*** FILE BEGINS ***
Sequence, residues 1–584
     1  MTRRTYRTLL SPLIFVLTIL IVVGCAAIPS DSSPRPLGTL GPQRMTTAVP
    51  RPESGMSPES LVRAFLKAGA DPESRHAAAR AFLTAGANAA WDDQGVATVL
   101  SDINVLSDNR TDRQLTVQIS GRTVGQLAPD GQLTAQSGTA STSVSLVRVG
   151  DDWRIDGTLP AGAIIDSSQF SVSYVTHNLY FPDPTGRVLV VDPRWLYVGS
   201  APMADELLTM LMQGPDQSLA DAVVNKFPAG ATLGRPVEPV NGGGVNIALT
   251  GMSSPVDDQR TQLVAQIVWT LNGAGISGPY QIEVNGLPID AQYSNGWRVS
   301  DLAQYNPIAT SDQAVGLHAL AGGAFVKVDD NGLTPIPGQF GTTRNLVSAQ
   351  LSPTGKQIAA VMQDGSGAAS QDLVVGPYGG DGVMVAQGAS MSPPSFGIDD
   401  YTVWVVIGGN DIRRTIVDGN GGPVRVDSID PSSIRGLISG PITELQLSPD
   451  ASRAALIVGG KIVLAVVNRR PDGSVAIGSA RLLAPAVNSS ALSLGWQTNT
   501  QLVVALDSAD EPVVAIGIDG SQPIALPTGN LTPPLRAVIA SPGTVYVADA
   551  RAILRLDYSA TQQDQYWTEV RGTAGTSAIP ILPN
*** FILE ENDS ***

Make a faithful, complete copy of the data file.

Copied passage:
Sequence, residues 1–584
     1  MTRRTYRTLL SPLIFVLTIL IVVGCAAIPS DSSPRPLGTL GPQRMTTAVP
    51  RPESGMSPES LVRAFLKAGA DPESRHAAAR AFLTAGANAA WDDQGVATVL
   101  SDINVLSDNR TDRQLTVQIS GRTVGQLAPD GQLTAQSGTA STSVSLVRVG
   151  DDWRIDGTLP AGAIIDSSQF SVSYVTHNLY FPDPTGRVLV VDPRWLYVGS
   201  APMADELLTM LMQGPDQSLA DAVVNKFPAG ATLGRPVEPV NGGGVNIALT
   251  GMSSPVDDQR TQLVAQIVWT LNGAGISGPY QIEVNGLPID AQYSNGWRVS
   301  DLAQYNPIAT SDQAVGLHAL AGGAFVKVDD NGLTPIPGQF GTTRNLVSAQ
   351  LSPTGKQIAA VMQDGSGAAS QDLVVGPYGG DGVMVAQGAS MSPPSFGIDD
   401  YTVWVVIGGN DIRRTIVDGN GGPVRVDSID PSSIRGLISG PITELQLSPD
   451  ASRAALIVGG KIVLAVVNRR PDGSVAIGSA RLLAPAVNSS ALSLGWQTNT
   501  QLVVALDSAD EPVVAIGIDG SQPIALPTGN LTPPLRAVIA SPGTVYVADA
   551  RAILRLDYSA TQQDQYWTEV RGTAGTSAIP ILPN